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West Virginia suit: Feeding tube errors led to permanent damage

Hospital patients are dependent upon the skills of highly trained medical professionals. Several people are involved in a single hospital patient's care, from doctors who issue orders to individuals who carry out instructions. Medical malpractice occurs when preventable mistakes occur in this chain of patient care.

Two West Virginia doctors are defendants in a lawsuit filed by a patient treated following an April 2012 all-terrain vehicle accident. The patient was hospitalized with several fractures, along with brain bruising and bleeding and heart and lung contusions. He was then transferred to a rehabilitation facility.

The patient's nutrition was supplied by nasogastric feeding tubes. The tubes were replaced over several days, after the patient managed to remove them. A doctor, one of the defendants, then ordered a percutaneous endoscopic gastronomy tube, which provides drugs and nutrition directly to the stomach, according to a description by the American Society for Gastrointestinal Endoscopy.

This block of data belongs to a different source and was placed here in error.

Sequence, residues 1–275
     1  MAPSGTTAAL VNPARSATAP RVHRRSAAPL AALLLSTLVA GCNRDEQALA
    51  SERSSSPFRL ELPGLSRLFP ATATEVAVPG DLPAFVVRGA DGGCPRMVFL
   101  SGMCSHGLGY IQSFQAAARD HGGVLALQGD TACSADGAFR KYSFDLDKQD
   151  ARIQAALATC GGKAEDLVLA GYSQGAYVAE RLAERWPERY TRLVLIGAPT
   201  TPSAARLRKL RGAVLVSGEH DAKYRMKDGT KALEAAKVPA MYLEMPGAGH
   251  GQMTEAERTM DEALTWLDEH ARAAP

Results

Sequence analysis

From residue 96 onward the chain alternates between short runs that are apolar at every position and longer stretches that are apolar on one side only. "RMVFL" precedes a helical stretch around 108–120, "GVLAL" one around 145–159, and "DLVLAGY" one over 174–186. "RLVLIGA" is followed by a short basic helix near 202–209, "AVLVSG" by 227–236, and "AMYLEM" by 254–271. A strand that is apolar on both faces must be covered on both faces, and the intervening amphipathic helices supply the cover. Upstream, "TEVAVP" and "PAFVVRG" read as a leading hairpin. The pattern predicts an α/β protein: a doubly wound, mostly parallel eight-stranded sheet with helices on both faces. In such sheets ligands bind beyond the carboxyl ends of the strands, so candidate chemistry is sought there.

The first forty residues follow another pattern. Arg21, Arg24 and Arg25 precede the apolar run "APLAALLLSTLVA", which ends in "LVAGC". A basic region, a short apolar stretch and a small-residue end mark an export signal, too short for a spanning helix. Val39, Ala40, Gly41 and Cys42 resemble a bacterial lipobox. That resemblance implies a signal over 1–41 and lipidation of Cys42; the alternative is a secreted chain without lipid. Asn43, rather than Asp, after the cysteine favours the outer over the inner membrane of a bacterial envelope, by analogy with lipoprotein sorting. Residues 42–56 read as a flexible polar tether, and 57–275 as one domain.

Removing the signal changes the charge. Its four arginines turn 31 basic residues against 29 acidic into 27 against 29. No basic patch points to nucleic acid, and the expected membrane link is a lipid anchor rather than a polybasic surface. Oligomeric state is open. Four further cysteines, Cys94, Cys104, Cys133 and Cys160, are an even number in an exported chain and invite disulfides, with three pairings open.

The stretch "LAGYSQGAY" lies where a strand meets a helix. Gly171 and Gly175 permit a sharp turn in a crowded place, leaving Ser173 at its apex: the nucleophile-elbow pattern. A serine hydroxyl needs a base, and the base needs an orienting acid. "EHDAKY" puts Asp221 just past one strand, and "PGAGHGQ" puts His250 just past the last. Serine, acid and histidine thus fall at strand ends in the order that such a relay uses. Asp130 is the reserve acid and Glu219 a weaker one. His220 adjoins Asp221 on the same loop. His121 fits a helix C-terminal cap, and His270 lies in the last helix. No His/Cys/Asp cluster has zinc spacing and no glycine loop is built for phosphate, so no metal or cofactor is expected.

Telephone instructions to begin tube feedings were ordered by another physician, the second defendant. An abdominal binder was used to protect the PEG tube. Despite the precaution, the patient was able to pull out the device.

The first physician then placed another telephone order for the insertion of a foley catheter. The legal complaint said the patient's fever spiked around the time he had an abdominal x-ray, several days before the doctor saw the patient. The physician ordered a dialysis catheter apparently without checking for abdominal problems.

The doctor learned the foley catheter was placed improperly. During a surgical procedure, an accumulation of tube feedings was discovered in the man's abdomen, leading to a patient transfer to Charleston Memorial's intensive care unit. The lawsuit claims negligence at the rehabilitation facility led to unfixable injuries, including irreversible kidney damage.

Physicians have duty to deliver high quality patient care. When that standard is not met, a doctor may be liable for medical professional negligence.

Source: The West Virginia Record, "Man accuses physicians of negligent care" Kyla Asbury, Jun. 17, 2014

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